New USGS Streamgage Aims to Protect Hoosier Lives, Property
A new streamgage recently installed by the U.S. Geological Survey in the city of Linton, Indiana, will provide continuous, real-time streamflow and water level data in an area that has demonstrated a need for reliable flood warning and flood-related data.
Devastating floods hit Linton, approximately 40 miles south of Terre Haute, in April 2013. The new USGS streamgage on Bee Hunter Ditch will aid emergency personnel by providing valuable information needed to make decisions on evacuations and assist with infrastructure protection when water rises.
The information from the gage will be transmitted hourly for use in flood forecast models of Greene County, support decisions by local emergency managers for road closures and allow residents to monitor conditions from their homes at any time. Funding for this gage is provided in cooperation with the Indiana Department of Transportation.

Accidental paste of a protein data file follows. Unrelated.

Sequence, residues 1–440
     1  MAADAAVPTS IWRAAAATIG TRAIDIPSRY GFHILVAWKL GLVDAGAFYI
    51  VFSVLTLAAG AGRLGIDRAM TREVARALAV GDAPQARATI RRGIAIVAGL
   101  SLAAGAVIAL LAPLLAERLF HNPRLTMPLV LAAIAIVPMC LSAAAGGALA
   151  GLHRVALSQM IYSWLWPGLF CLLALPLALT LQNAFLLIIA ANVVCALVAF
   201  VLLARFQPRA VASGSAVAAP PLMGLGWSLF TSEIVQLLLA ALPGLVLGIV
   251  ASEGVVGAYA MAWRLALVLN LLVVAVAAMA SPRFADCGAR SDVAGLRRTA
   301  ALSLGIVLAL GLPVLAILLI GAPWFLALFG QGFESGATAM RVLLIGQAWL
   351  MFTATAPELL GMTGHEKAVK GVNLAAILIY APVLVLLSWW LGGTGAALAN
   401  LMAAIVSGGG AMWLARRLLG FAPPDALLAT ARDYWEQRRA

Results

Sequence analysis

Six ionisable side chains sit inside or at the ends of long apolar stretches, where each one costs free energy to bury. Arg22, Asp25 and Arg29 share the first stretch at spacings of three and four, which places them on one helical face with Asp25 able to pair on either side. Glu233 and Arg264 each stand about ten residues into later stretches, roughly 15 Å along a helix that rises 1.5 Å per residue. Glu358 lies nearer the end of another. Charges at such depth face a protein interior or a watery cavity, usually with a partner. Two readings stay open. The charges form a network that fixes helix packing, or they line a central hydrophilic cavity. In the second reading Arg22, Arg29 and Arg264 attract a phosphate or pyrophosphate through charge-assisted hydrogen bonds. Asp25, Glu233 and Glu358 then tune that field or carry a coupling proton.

Data from the new Linton gage and more than 200 other USGS-operated streamgages are publically available in near real-time at the USGS Indiana Water Science Center website.
For more than 125 years, the USGS has monitored flow in selected streams and rivers across the U.S. The information is routinely used for water supply and management, monitoring floods and droughts, bridge and road design, determination of flood risk and for recreational activities. The more than 200 USGS-operated streamgages across Indiana measure water levels, streamflow, water quality and rainfall. Agencies such as the National Weather Service in particular, rely on USGS streamgage data to develop and refine their flood forecasts. These forecasts are critical in warning local communities during periods of potential and imminent flooding.
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